FOR IMMEDIATE RELEASE June 30th, 2017
The Federation of Independent Sea Harvesters of Newfoundland and Labrador (FISH-NL) has requested that the C-NLOPB immediately suspend seismic work off Newfoundland and Labrador in light of a new study that found the intense acoustic signals may damage critical elements of the marine food chain.
“With most commercial fish stocks at or near critical levels our first priority must be the health of our renewable marine resources,” says Ryan Cleary, President of FISH-NL, who made the request Thursday in a letter to Scott Tessier, chair and executive officer of the C-NLOPB.
“The potential impact of seismic testing on the marine environment — combined with a potential conflict of interest in which the best interests of inshore harvesters may not be represented — should compel the C-NLOPB to act,” Cleary wrote in the letter.
The amount of seismic scheduled for 2017 has been described in the media as “super-sized.” Natural Resources Minister Siobhan Coady has said the 3D program is “one of the largest currently underway in the world”, and the 2D program is “unrivalled” in the modern exploration era.
At the same time, a study released earlier this month in the journal Nature Ecology & Evolution concluded that intense acoustic signals used in oil and gas exploration cause significant damage to zooplankton populations that are critical elements of the marine food chain.
The findings are concerning, because zooplankton — which include worms, crustaceans like krill, and many other tiny animals that drift near the ocean surface — provide sustenance for species higher in the food chain. Healthy populations of fish, for example, aren’t possible without them.
Local fish harvesters have long expressed concern of the potential impact of seismic blasting on the larva of various fish species that are found throughout the water column.
Given that most commercial stocks such as shrimp and cod are at or near critical levels, FISH-NL recommends that the C-NLPB proceed with extreme caution and immediately suspend seismic work off Newfoundland and Labrador until the activity can be reevaluated.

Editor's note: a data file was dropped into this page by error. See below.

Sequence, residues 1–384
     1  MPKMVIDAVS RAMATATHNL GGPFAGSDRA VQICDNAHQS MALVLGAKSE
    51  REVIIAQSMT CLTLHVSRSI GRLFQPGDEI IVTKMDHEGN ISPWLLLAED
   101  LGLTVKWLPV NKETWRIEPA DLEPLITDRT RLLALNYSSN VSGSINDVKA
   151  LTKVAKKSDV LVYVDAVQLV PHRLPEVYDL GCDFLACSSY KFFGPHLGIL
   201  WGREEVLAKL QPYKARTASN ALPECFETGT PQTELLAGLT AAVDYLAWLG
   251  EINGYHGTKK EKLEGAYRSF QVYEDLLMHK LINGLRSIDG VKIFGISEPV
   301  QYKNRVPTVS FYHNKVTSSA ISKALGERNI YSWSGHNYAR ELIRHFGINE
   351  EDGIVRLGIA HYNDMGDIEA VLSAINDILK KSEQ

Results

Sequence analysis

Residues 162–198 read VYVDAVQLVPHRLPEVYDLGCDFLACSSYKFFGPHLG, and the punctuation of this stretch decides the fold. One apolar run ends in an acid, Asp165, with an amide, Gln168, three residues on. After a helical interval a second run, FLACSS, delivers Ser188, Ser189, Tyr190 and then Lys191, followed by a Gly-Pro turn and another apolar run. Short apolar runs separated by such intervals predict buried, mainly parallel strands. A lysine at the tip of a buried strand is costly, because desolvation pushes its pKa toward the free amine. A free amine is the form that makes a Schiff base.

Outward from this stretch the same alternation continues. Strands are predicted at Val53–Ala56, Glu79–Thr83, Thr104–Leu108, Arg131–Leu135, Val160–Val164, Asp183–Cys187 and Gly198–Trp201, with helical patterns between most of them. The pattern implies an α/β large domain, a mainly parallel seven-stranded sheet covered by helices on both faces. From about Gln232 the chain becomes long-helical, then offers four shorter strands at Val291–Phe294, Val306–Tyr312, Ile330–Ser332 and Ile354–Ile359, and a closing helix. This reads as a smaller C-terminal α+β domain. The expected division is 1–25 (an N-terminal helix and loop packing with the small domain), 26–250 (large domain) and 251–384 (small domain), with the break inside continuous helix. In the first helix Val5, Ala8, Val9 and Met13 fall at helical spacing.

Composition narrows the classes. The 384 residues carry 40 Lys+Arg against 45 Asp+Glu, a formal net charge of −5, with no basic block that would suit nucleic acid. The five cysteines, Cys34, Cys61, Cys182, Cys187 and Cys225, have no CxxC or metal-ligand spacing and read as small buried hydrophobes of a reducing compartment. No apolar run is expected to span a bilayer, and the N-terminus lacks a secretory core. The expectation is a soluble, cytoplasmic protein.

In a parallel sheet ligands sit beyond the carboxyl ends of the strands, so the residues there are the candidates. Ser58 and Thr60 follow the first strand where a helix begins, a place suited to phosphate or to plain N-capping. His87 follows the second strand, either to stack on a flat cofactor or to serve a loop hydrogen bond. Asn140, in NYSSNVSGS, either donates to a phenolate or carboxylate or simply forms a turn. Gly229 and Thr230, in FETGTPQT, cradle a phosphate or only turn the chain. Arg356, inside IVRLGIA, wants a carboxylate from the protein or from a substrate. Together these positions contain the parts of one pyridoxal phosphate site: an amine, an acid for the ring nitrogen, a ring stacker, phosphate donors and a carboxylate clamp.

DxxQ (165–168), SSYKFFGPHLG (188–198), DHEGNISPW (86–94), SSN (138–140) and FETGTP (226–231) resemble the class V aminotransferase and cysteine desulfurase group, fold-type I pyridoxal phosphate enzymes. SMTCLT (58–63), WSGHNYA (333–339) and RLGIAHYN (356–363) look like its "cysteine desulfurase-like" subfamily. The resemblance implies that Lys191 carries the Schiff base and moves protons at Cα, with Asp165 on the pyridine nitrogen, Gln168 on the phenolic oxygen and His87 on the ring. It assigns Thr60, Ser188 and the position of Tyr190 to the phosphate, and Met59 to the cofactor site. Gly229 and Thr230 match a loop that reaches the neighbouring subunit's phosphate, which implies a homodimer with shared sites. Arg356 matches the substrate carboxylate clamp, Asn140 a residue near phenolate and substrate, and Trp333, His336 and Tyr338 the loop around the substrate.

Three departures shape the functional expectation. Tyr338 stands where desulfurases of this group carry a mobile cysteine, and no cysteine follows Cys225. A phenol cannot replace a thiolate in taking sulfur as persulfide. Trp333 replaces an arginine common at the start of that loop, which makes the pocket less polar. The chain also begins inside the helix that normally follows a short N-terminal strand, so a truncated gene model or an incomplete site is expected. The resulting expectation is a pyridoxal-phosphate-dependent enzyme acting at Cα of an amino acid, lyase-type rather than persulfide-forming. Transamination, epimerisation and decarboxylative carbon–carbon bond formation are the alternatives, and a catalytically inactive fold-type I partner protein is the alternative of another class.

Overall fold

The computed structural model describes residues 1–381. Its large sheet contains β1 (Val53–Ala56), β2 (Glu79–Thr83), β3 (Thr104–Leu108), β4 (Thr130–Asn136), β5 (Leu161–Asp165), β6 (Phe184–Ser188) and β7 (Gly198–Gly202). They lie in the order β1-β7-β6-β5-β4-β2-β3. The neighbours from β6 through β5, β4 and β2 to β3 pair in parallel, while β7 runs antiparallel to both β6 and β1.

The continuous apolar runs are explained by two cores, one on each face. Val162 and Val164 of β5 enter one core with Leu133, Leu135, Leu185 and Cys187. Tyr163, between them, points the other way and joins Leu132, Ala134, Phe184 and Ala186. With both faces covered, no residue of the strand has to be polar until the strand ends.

FISH-NL also expressed concern to the C-NLOPB over the FFAW-Unifor’s “cozy” relationship with offshore oil companies. Questions have been raised about the amount of money the oil industry contributes to the FFAW-Unifor, which the union won’t reveal.
The conflict of interest, real or perceived, undermines the faith of harvesters in the established powers that be to ensure that the health of marine resources is the highest priority.
The FFAW-Unifor is generally seen as quiet regarding the offshore oil industry’s exploration and drilling activities off Newfoundland and Labrador, which, for many inshore harvesters, begs the question why.
The former Obama administration in the U.S. had blocked seismic testing for oil in the Atlantic Ocean, but President Donald Trump is set to allow it — to growing opposition from environmental groups.
Some experts say seismic testing off the U.S., which would map potential driving sites from Delaware to central Florida, could harm thousands of animals and affect coastal communities.
More than 100 East Coast cities and towns, a range of commercial and recreational fishing groups and an alliance representing nearly 40,000 businesses have publicly opposed air-gun blasting.